In one of my favorite scenes, Sharad – who is now also a mentor to a few children in a music academy, lashes out at a student for trying to join a band. Even though Sharad’s point of him joining a fusion band while only being a beginner in classic music isn’t entirely wrong, you can see clear signs of his frustration with himself.
Tamhane’s film is actually a multi-layered, multi-faceted character study that uses its strong sense of place to tell an essential tale about having to live with one’s own mediocrity. The shades of melancholy that travel through the ambitious foresight of Tamhane’s narrative are incredibly well-realized and thought of. As a filmmaker who is only two films old, the Marathi director shows an extraordinary flair for telling stories.
While Court (2014) was more of a fly-on-the-wall approach, with ‘The Disciple‘, he gets in a more subjective, emotionally involving, and personal headspace. Alfonso Cuarón who mentored Tamhane post his critically successful first film serves as an Executive Producer here. His influence can be seen in almost every shot composition and gentle camera movement that is used throughout the film. Much like Cuarón’s ‘Roma,’ the shots here are breathtaking. They are almost too perfect and the overall impact they leave on the viewers is greatly enhanced with the ethereal beauty of Hindustani Classical Music.
With ‘The Disciple‘ Tamhane has really amped up his writing. The script here completely inhabits the world that Tamhane wanted to create. I wasn’t quite big on Court – which used its slow pace as a metaphor for the slowness of the judiciary system in the country but the script just wasn’t captivating enough to accompany the reason for the slow pace. In ‘The Discipline’ the pacing never feels like a problem as the film is filled with sequences that have a true meaning to the overall themes that the director wants to explore.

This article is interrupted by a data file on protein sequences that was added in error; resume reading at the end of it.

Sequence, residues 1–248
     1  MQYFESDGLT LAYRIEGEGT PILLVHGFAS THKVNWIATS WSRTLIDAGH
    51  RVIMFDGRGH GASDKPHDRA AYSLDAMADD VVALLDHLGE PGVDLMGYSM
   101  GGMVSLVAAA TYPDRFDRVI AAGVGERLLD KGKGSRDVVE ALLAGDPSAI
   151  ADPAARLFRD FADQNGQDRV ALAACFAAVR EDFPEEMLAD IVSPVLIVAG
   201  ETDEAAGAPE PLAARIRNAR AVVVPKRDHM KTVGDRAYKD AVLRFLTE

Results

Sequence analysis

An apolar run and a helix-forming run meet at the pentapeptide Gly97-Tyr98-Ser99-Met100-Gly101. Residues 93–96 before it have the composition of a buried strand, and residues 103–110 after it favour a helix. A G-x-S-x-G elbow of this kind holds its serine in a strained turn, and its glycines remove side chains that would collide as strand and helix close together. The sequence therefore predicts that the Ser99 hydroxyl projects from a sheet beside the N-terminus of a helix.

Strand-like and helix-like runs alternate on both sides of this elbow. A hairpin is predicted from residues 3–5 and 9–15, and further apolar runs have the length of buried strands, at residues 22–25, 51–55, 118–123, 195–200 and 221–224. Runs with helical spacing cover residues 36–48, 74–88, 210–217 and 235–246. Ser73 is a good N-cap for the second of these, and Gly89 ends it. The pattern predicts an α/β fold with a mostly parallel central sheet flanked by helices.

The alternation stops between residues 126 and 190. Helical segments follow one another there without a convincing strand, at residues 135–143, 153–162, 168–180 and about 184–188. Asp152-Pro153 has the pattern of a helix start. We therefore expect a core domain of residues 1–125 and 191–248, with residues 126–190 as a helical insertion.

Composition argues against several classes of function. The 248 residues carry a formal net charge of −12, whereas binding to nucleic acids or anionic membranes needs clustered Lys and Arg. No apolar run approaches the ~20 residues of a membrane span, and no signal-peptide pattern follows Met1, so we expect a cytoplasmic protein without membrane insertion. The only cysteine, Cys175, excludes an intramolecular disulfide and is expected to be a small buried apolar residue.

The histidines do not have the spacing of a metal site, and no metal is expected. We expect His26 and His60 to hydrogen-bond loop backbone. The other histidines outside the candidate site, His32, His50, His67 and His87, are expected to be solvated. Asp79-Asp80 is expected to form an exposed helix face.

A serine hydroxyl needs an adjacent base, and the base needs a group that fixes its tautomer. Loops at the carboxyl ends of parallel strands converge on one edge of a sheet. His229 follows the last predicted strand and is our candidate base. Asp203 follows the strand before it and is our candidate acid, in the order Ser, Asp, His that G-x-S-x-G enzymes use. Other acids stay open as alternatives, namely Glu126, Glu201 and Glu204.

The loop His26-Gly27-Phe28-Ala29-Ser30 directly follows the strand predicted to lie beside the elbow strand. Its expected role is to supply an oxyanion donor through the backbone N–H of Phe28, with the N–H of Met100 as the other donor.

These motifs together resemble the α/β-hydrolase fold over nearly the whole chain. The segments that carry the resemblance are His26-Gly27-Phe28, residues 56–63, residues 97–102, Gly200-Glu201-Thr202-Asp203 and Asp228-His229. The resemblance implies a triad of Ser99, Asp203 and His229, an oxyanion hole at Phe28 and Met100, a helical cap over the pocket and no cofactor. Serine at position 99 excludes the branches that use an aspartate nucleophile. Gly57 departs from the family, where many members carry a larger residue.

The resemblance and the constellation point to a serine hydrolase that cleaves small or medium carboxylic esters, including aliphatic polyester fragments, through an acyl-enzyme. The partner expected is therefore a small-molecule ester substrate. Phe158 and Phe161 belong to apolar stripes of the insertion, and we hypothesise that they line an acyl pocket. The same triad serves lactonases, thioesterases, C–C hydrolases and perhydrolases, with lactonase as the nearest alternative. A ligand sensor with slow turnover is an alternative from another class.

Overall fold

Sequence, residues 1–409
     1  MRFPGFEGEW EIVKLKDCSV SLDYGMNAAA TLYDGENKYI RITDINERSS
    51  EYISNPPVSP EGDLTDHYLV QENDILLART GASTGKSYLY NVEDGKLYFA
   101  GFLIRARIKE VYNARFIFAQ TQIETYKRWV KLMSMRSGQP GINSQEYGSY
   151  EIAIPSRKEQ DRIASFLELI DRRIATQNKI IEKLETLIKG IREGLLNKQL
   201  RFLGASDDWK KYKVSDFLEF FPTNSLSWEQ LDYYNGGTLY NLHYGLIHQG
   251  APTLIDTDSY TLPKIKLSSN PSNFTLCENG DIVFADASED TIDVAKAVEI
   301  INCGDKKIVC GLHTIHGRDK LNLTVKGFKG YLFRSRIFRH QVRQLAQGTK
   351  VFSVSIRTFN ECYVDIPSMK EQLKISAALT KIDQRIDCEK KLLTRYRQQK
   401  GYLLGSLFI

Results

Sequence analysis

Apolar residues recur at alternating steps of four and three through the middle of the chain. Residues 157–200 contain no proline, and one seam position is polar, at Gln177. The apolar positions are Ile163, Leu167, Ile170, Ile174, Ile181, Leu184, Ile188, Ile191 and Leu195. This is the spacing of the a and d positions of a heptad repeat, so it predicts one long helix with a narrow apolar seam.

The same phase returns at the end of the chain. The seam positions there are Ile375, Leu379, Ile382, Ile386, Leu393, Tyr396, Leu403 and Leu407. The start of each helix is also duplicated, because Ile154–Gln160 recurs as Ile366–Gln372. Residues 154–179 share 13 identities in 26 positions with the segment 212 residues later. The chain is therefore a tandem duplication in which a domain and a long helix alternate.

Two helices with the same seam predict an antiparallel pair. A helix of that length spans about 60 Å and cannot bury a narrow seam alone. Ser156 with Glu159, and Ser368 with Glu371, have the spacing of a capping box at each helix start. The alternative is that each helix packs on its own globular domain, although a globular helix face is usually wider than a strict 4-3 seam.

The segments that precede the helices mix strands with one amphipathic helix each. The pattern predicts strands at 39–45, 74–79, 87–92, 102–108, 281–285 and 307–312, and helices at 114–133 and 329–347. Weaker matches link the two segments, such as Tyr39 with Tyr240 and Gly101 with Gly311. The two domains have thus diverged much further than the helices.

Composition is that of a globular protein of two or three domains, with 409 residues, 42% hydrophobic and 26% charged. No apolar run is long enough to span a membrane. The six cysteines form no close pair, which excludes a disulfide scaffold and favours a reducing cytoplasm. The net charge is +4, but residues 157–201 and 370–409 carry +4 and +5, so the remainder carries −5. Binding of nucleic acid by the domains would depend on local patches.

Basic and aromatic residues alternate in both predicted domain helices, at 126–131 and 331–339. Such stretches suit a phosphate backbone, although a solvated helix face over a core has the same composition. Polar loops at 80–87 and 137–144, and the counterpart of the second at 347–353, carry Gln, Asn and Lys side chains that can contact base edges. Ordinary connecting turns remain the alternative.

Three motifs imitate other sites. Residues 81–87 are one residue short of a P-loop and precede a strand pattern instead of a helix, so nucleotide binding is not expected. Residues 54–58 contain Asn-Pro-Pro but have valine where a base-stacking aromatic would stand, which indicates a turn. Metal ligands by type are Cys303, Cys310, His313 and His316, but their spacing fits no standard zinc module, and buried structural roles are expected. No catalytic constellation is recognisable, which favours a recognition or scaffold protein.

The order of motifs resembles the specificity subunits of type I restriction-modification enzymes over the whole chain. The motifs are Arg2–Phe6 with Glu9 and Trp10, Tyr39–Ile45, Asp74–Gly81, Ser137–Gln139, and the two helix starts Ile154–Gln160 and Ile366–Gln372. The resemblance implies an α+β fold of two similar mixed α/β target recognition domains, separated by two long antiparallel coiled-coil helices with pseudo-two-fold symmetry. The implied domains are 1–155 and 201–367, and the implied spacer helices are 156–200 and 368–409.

The ethos explored here are pretty universal. This is why unfamiliarity with Classical music doesn’t take away anything from the overall experience. The film is not just a profound study of an unsung and failed artist but also an arduous journey about the emptiness of being a dreamer. It is about an aspiring talent who has closed his eyes to the realities of the world so that he can find refuge in art.
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We as children are often bought up with a saying that if you constantly follow a dream with perception and understanding, you will achieve it. Examples of great artists, legends, and prodigies are thrown our way so that we don’t really question the reality of a self-imposed facade. ‘The Disciple‘ is as much about being dedicated to a dream as it is about the slow and painful death of aspirations.
The grounded reality that the film explores has been explored in numerous other films. However, this film – which spans around three decades of Sharad’s life revels in the profound philosophy that all of us eventually grow out of our self-made bubbles and dreamy ambitions to embrace the realities of life. A life that keeps going no matter what.
The Disciple Trailer
‘THE DISCIPLE’ WAS SCREENED AT THE 2020 TORONTO INTERNATIONAL FILM FESTIVAL
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DIRECTOR: Chaitanya Tamhane
CAST: Aditya Modak, Dr. Arun Dravid, Sumitra Bhave, Deepika Bhide Bhagwat, Kiran Yadnyopavit, Abhishek Kale, Neela Khedkar, Makarand Mukund, Kristy Banerjee, Prasad Vanarse
LANGUAGES: Marathi, Hindi
RUNTIME: 127 MINS
LINKS: TIFF, IMDB